Published: Aug 25, 2023

  Denys Yakovlev

  Liliya Yakovleva

  Vitaly Koltsov


The purpose of this article is to define the middle class as the representative of the public interest and the social foundation of democracy in Ukraine. Throughout the history of Ukraine, the middle class has always been oppressed by Russian and Soviet colonialism. The revival of the middle class is slowed down by the fact that the middle class is “hanging” in the gravitational field between the government and the opposition. In Ukraine there are no bourgeois party(s) independent of the oligarchy. One condition must be met for the introduction of political and economic democracy. The middle class should have full parliamentary representation. There are still no parties in the Ukrainian parliament that represent the interests of the middle class. This applies to both the government and the opposition. The middle class actively supported opposition politicians during the revolutionary events of 2004 and 2013-2014. In modern conditions, it is a class of volunteers, activists and volunteers who are defending Ukraine against a large-scale military invasion. A new social contract, aimed at implementing Ukraine's European and Euro-Atlantic integration on the basis of democratic values and institutions, is impossible without the active political participation of the middle class. This is precisely why the middle class needs full parliamentary representation. Methodology. Class analysis was used to examine the position of the middle class in the political space between the government and the opposition. This makes it possible to identify the different worldviews and values of large groups of people who occupy different social positions and whose interests are expressed in politics. In order to determine the need to redistribute public goods in favour of the middle class through parliamentary representation, the authors turn to the theory of economic democracy. The data from empirical sociological research on the high level of consolidation of the Ukrainian middle class during the war and the results of the middle class' choice in the 2014 and 2019 election campaigns are presented. According to the sociological research data, support for democracy is growing in Ukraine, and the middle class is opting for European and Euro-Atlantic integration. Results. According to objective indicators of income, education, employment and consumer behaviour, the middle class consists of residents of large cities who have (or are in the process of obtaining) higher education. Given the differences between the Ukrainian middle class and the middle class in democratic countries in terms of objective income levels, subjective indicators should also be used to determine it. The self-identification of the middle class is determined by the desire for democratic changes, the awareness of the need to overcome corruption, the deconstruction of the oligarchic regime and the introduction of market reforms. The middle class is a social group that is most interested in political and economic competition, because it is the middle class that benefits from democracy and the market economy. The lack of parliamentary representation of a large social group, the middle class, hinders the democratisation of Ukraine. The social weight of the middle class is constantly growing. It is proven that the fragmentary reforms in Ukraine after the events of 2004 and 2013-2014 were carried out by the oligarchic regime under the pressure of the middle class. At the same time, the constitutional reversals regarding the form of government (presidential and parliament-presidential), the changes in the electoral system (from a majority to a mixed system, the passage of the proportional model in the parliamentary elections of 2006 and 2007) can be explained by the manipulations of the oligarchy, which captured the parliament in order to prevent the middle class from coming to power. The factors that prevent the Ukrainian middle class from gaining parliamentary representation are identified: 1) Oligarchy, as a political regime of economic monopolists. The oligarchic forces have not only privatised the branches of the national economy, but have also created effective systems of political control over the parliament and the “oligarch-lumpen alliance”, which influences the political decisions of Ukrainian citizens with the help of the mass media and oligarchic parties (electoral projects); 2) the mediatisation of politics, caused by the monopoly of financial and industrial groups on television channels; 3) the formation of the “party of power” as an “internal” party, which retains its influence through the formation of a majority in the Ukrainian parliament; 4) the social pathologies of post-Soviet society (paternalism, ambivalence of mass consciousness, atomisation of society, conformism, nihilism, deprofessionalisation, deactualisation of universal democratic values, etc.). It was noted that during the war they were partially overcome in the public consciousness; 5) indoctrination in the educational system, which causes problems of manipulative distortion of collective memory, reproduction of “post-Soviet” identity and regimes of truth. Overcoming the mediatisation of politics, populism and indoctrination will contribute to the rationalisation of political interaction and the growth of the influence of the middle class. In the process of rationalisation of political interaction, the main role belongs to the middle class as a class of individuals who have completed secondary or higher education. This enables them to check facts on the basis of media literacy, to distinguish truth from lies, rational argumentation from populism. As part of the modern “new” middle class, public intellectuals are the first to play a role in the rationalisation of politics. Practical implications. The results of the study can be used in the process of further democratisation, European and Euro-Atlantic integration of Ukraine, as well as in the development of middle class political parties. They will contribute to increasing the weight of the middle class in politics and to raising the awareness of middle class representatives of the need for parliamentary representation. Overall, the authors hope that all the results of the study will contribute to the overcoming of the oligarchic regime in Ukraine and the establishment of a democratic system of redistribution of public resources. Value/оriginality. This study of the role of the middle class in Ukrainian politics allows for a better understanding of the need for parliamentary representation of the middle class. It also reveals the reasons for the dominance of the oligarchy. The focus is on the devastating consequences of this dominance for the middle class. The need to ensure the parliamentary representation of the middle class in order to overcome the oligarchy and further democratise Ukraine has been identified.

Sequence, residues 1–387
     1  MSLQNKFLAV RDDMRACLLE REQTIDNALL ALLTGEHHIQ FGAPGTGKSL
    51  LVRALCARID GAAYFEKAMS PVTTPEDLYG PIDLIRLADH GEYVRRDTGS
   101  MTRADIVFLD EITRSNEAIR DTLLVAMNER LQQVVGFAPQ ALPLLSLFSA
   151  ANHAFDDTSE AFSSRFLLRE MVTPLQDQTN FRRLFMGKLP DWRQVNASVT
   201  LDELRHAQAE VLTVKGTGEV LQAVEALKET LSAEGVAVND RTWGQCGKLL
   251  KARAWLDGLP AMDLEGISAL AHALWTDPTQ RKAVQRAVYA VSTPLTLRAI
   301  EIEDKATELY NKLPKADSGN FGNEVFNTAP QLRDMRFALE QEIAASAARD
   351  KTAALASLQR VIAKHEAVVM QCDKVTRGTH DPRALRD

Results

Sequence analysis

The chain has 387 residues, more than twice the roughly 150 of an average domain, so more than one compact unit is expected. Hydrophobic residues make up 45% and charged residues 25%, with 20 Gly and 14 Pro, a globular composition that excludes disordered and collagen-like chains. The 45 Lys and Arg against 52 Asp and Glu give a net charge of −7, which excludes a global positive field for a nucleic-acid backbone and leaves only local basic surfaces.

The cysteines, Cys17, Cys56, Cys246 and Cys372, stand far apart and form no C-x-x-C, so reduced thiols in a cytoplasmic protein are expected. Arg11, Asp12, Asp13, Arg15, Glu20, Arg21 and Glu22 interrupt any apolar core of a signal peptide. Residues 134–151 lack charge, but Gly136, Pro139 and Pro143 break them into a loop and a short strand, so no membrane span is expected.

How to Cite

Yakovlev, D., Yakovleva, L., & Koltsov, V. (2023). MIDDLE CLASS IN UKRAINE: GOVERNMENT OR OPPOSITION?. Baltic Journal of Economic Studies, 9(3), 86-95. https://doi.org/10.30525/2256-0742/2023-9-3-86-95
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middle class, power, opposition, government, parliamentary representation, elections, political parties, political democracy, oligarchy